'Project Write' spells successWhile some nutritionists may argue with the sentence "hamburgers are good," it is whetting the appetite's of Migrant Education first-graders hungry to learn how to write. On July 14, Kern County Superintendent of Schools' Migrant Education Trainer Hopie Gomez had a large painting of a hamburger with all its juicy ingredients hanging from the chalkboard in a classroom at Browning Road School in McFarland. Gathered around her were summer school students anxious to contribute what they knew about hamburgers. In the back of the class, their summer school teacher, Susie Robles, watched and took notes. Written in indelible ink on construction paper were words the students had come up with to describe a hamburger.
You've got to help me write a sentence with the words you've given me," Gomez told the class. "What is juicy?"
"The meat," came one reply.
"What else?" Gomez asked.
"The tomato, too," chimed in another youngster.
"How would we write a sentence to tell someone else what is juicy?" Gomez continued.
A little girl piped in, "The meat and tomato are juicy?"
"What is missing?" Gomez said, as she wrote on the construction paper. "The period at the end of the sentence. Now, let's work on a paragraph."
What the students were learning and what was being used as a model to train Robles is a technique called "Project Write." It had been around for years but kind of set aside for awhile when other forms of writing were tried. Migrant Education Program Coordinator Philomena Hall suggested bringing it back to see if it could speed up learning and understanding. Among those who trained with Hall were Gomez and Katie McNamara, who was also training teachers at Browning Road School. Project Write has been back in the classroom for about five years now.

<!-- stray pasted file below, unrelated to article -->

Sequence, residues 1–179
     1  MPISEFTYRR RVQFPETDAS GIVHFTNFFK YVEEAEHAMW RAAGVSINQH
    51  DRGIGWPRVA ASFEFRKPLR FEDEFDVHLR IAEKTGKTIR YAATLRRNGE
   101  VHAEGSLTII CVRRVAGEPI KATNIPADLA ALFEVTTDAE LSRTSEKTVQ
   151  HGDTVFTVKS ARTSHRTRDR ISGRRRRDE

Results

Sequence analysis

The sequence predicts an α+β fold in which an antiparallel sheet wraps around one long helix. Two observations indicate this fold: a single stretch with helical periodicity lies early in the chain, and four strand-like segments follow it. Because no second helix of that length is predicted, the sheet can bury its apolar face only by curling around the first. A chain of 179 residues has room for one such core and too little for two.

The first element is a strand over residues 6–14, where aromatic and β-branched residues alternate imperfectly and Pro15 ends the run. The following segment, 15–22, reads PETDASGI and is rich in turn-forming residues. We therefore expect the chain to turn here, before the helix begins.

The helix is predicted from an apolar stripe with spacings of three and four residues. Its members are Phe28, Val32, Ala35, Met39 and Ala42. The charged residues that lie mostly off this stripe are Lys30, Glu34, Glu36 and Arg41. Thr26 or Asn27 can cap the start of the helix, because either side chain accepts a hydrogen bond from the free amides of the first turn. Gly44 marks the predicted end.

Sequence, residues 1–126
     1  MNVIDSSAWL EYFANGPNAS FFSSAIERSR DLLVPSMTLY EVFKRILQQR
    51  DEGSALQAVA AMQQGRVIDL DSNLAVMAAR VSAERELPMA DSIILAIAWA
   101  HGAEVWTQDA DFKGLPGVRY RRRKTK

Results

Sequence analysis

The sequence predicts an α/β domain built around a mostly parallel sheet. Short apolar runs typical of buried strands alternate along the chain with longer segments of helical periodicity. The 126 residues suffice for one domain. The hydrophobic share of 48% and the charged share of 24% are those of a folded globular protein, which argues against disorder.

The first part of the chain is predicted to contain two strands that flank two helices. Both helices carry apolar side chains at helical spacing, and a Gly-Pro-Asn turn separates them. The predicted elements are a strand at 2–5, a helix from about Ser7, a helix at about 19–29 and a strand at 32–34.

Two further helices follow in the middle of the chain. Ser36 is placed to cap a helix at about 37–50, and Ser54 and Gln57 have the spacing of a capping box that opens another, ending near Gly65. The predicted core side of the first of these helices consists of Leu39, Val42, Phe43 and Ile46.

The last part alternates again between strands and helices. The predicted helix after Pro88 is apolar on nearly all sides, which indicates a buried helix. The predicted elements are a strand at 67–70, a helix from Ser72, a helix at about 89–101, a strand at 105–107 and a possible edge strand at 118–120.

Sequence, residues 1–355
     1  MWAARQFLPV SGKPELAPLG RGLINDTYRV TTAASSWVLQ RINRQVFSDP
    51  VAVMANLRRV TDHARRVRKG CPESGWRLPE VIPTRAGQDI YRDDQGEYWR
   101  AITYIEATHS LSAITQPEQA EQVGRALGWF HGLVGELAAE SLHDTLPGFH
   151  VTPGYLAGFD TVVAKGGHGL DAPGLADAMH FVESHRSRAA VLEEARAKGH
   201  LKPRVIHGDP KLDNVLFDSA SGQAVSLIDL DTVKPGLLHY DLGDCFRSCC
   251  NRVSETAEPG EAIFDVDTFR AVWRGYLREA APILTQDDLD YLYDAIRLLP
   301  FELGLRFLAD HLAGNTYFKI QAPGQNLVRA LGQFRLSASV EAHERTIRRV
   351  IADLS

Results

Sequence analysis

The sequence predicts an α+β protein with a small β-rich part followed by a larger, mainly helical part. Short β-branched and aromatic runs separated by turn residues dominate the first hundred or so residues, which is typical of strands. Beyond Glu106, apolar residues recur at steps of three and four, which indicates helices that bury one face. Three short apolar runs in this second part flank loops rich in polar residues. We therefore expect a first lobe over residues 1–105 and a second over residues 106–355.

"It's an easy way to organize thoughts and ideas that lead up to writing a sentence," McNamara said. "You can use cause and effect, contrasts, similarities and chronologies to get students involved in writing. You start out by having students provide main categories. Then details for the categories. Then, they learn to piece them together to make compound sentences."
McNamara said she and Gomez have trained just about every kindergarten through eighth grade district in the county. The real emphasis is on first-graders who, various studies have shown, struggle with writing when they reach second grade and beyond if they have not picked up the basics by then.
"But the great thing about Project Write is it's very structured so it can be applied to any setting and any kind of writing," said Matt Woessner, McFarland Unified School District Migrant Education coordinator.
McNamara offers herself as an example of how well Project Write works.
"I frequently tutor college students to help them write papers and prepare for tests, too," McNamara said. "Eighty percent of tests are cause and effect. College students still have to use the same process. They still have to know how to edit and process. Scores go up when the Project Write methodology is used. I know. I was an English major in college and once got a "D" on a test. Getting a credential doesn't automatically prepare you to teach writing. Phil Hall's mentoring helped me become a better teacher with Project Write and now I am helping others do the same."
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